A View Of The Metropolitan Museum of Art Costume Institute

Although not directly tied in with late 19th Century fashion, this video is still fascinating in that it gives a behind the scenes view of fashion conservation the preparations that go on to get a garment ready for going on public display:



Nadezhda Lamanova, Part 2

In our last post, we took a brief look at the career(s) and work of the Russian designer Nadezhda Lamanova as she built a reputation as a designer of Haute Couture for Russia’s upper classes and subsequently reinvented herself as an avant garde designer for the masses in the new revolutionary Russia. Now we’re going to take another look at Lamanova’s designs prior to 1917. To start, here is one particularly striking example of a circa 1910 – 1911 evening dress:

Nadezhda Lamanova, Evening Dress, c. 1911-1912; State Hermitage Museum (ЭРТ-18063)

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Lamanova_Green Dress2

And here’s some details of the embroidered decoration:

The above dress design reflects the shift from the earlier tightly structured silhouette of the S-bend corset towards a more vertical silhouette employing a tubular dress shape. Make no mistake about it, the underpinnings were still there but now the dress flowed loosely in a manner reminiscent of the Classical Grecian Chiton.

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The dress itself is two layers, the underlayer composed of a turquoise/jade green satin and an overlayer consisting of a black chiffon embroidered a floral motif consisting of the flowers and leaves of chrysanthemums. The embroidery itself is in a golden-green silk and gold thread. One can see the combination of different textures, contrasting colors and a separate overlayer with metallic embroidery creates a three dimensional effect to the dress and this is especially evident when one looks at the train. The above pictures simply do not do justice to the dress.

Now, for something a little different from the Mid-1890s. This is a visiting dress that belonged to the Empress Alexandra Feodorovna:

Nadezhda Lamanova, Visiting Dress, c. 1890s; Hermitage Museum (ЭРТ-9404)

 

Day Dress Princess Line Mid 1890s c. 1894-1897 Visiting

Day Dress Princess Line Mid 1890s c. 1894-1897 Visiting

Close-Up

The above visiting dress is from the mid-1890s, most likely 1894-1897 as characterized by the leg of mutton or Gigot sleeve style. Structured as a princess line dress, it was constructed from an ivory/cream-colored silk velvet. The dress features a decorative pattern of lines of green and silver metallic sequins that have been stitched in such a was as to create a vine motif; the vertical lines of sequins suggest some a trellis of sorts which serves to accentuate the vertical lines/silhouette of the dress.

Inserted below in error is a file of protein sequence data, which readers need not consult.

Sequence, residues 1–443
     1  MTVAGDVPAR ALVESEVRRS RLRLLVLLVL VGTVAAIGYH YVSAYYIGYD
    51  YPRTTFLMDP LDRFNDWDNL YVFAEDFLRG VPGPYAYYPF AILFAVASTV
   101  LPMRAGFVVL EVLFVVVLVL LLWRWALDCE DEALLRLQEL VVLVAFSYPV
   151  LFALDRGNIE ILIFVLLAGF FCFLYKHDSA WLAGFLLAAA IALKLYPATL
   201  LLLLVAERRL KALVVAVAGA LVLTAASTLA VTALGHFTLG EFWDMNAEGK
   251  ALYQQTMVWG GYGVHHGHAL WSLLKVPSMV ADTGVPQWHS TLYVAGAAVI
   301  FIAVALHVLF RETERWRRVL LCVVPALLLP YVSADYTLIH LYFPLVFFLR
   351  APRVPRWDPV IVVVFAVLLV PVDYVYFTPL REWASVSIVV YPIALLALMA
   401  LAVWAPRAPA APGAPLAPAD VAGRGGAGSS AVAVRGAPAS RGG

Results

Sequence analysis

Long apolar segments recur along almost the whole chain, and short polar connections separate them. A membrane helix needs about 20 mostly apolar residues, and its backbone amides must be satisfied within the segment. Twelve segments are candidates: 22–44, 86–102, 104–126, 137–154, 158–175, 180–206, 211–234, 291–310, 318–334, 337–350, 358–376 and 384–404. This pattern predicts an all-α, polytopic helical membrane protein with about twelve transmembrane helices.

The above examples are a tiny fraction of Lamanova’s output and they reflect the major fashion trends of the times and while much of what she created was fairly mainstream conventional as in the case of the above visiting dress, there were also attempts to push boundaries such as in the case of the above green evening dress. It wasn’t until after the revolution that Lamanova came into her own as a designer, creating ready-to-wear designs for the masses while at the same time creating avant garde designs. Lamanova is a designers that we should know more about.



Helldorado Days- Day 2

Today in Tombstone once again began grey and overcast with the threat of rain. After dressing, we left the house and headed in to town. Naturally, we took an umbrella for insurance but as fate would have it, there was no need for it. The weather gods decided to smile favorably upon us and by the time we had arrived in town, about 11:30 am, it had begun to clear with the sun coming out, accompanied by a gentle breeze. In short, it was a perfect day for being in town. 🙂

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Getting ready…yes, although we design for the 19th Century, we’re still rooted in the 21st Century.

And here are a couple images of us, now all ready to go to town:

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Ready to go to town…I even brought an umbrella “just in case”… 🙂

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For starters, we decided to check out the Helldorado Fashion Show. Sponsored  by a local volunteer group, the fashion show presented a variety of 1880s fashions reflecting their different skill levels and ideas. Now bear in mind that the participants are all volunteers and their presentations reflect a variety of skill levels.